Last year, there were eight trading days where the S&P 500 moved up or down by at least one percent. So far this year, there have been forty-one such trading days. Further, five of the last eight trading sessions have seen the S&P 500 move up or down by at least one percent. With the recent volatility in the stock market has some asking what’s next for the stock market and the U.S. economy.
Last Wednesday, October 10th, U.S. stocks suffered their worst losses in eight months. The Dow Jones Industrial Average declined 3.2% and the S&P 500 declined 3.3%, both notching their worst losses since February 8th. The S&P 500 also posted its first six-day losing streak since November 2016, although a bounce back on Friday stopped that slide.
At HIGHLAND, we continue to support the efforts by our staff to develop personally and professionally. We have a commitment to providing excellent service and guidance to clients. Each member of our team has an intellectual curiosity and belief that what they do really matters to our clients’ lives. With this in mind, we have some exciting news to share about the HIGHLAND team.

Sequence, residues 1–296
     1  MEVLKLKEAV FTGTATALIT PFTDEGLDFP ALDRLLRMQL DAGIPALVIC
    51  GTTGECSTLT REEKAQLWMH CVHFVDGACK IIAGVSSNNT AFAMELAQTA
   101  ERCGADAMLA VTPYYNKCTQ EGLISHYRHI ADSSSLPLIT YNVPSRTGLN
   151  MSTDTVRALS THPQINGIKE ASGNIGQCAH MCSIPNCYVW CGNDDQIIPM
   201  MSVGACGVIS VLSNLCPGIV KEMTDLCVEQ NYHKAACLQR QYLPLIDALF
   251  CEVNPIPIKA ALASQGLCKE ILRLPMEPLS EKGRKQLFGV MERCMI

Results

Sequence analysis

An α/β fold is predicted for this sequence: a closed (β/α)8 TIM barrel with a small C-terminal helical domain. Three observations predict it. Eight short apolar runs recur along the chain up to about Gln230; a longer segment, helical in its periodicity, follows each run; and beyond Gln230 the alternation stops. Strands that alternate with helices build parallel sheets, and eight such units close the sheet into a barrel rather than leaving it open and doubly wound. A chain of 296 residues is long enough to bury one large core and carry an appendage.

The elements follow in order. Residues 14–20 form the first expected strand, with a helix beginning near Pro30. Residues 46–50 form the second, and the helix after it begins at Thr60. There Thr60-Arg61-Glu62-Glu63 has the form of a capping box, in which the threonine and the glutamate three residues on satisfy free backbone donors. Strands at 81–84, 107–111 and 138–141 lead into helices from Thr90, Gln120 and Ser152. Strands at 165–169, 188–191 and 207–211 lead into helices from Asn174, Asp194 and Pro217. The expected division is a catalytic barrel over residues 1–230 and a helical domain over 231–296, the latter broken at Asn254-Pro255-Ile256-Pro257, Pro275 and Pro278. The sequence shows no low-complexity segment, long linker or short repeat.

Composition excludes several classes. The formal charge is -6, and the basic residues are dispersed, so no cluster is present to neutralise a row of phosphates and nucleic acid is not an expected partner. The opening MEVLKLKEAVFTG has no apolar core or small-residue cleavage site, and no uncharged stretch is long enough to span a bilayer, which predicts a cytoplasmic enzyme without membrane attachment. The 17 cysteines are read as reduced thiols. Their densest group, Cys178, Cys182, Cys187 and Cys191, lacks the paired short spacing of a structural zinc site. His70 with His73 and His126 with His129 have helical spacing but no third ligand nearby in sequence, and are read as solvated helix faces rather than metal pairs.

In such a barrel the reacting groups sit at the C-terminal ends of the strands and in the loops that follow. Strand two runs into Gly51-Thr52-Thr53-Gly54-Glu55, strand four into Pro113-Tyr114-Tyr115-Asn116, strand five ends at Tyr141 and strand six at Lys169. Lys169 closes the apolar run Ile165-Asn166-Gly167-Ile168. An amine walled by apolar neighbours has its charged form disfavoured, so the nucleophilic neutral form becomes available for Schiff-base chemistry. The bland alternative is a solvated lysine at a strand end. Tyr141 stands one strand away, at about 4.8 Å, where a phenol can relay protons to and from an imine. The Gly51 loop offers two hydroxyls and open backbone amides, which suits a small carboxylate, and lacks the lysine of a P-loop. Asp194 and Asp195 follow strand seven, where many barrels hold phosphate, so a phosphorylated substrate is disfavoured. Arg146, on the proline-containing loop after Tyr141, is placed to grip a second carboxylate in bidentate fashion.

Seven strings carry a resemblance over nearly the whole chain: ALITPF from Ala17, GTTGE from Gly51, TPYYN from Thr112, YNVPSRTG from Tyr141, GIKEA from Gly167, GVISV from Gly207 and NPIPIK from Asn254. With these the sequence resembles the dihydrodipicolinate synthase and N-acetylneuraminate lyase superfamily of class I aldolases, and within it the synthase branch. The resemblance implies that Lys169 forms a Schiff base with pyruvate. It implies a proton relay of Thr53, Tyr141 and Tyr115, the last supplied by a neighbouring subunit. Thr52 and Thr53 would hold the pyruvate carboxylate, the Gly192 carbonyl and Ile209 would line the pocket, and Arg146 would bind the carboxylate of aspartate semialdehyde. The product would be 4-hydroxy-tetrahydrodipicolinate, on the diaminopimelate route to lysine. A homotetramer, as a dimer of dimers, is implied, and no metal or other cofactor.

This past quarter was filled with notable events and anniversaries. At the market’s close on August 22nd, the S&P 500 bull market became the longest ever. The S&P 500 managed to avoid a decline of 20% or more on a closing basis for 3,453 calendar days, a streak that began in March 2009 following the Great Recession. This current bull market surpassed the previous longest bull market that lasted from 1990 to 2000. Since that point, the S&P 500 has continued to reach new all-time highs. It’s ironic that we celebrated the longest running bull market nearly10-years removed from the collapse of Lehman Brothers on September 15, 2008 that shook the financial markets and preceded the Global Financial Crisis. It may feel like a lifetime ago, but we are not far removed from that historic event.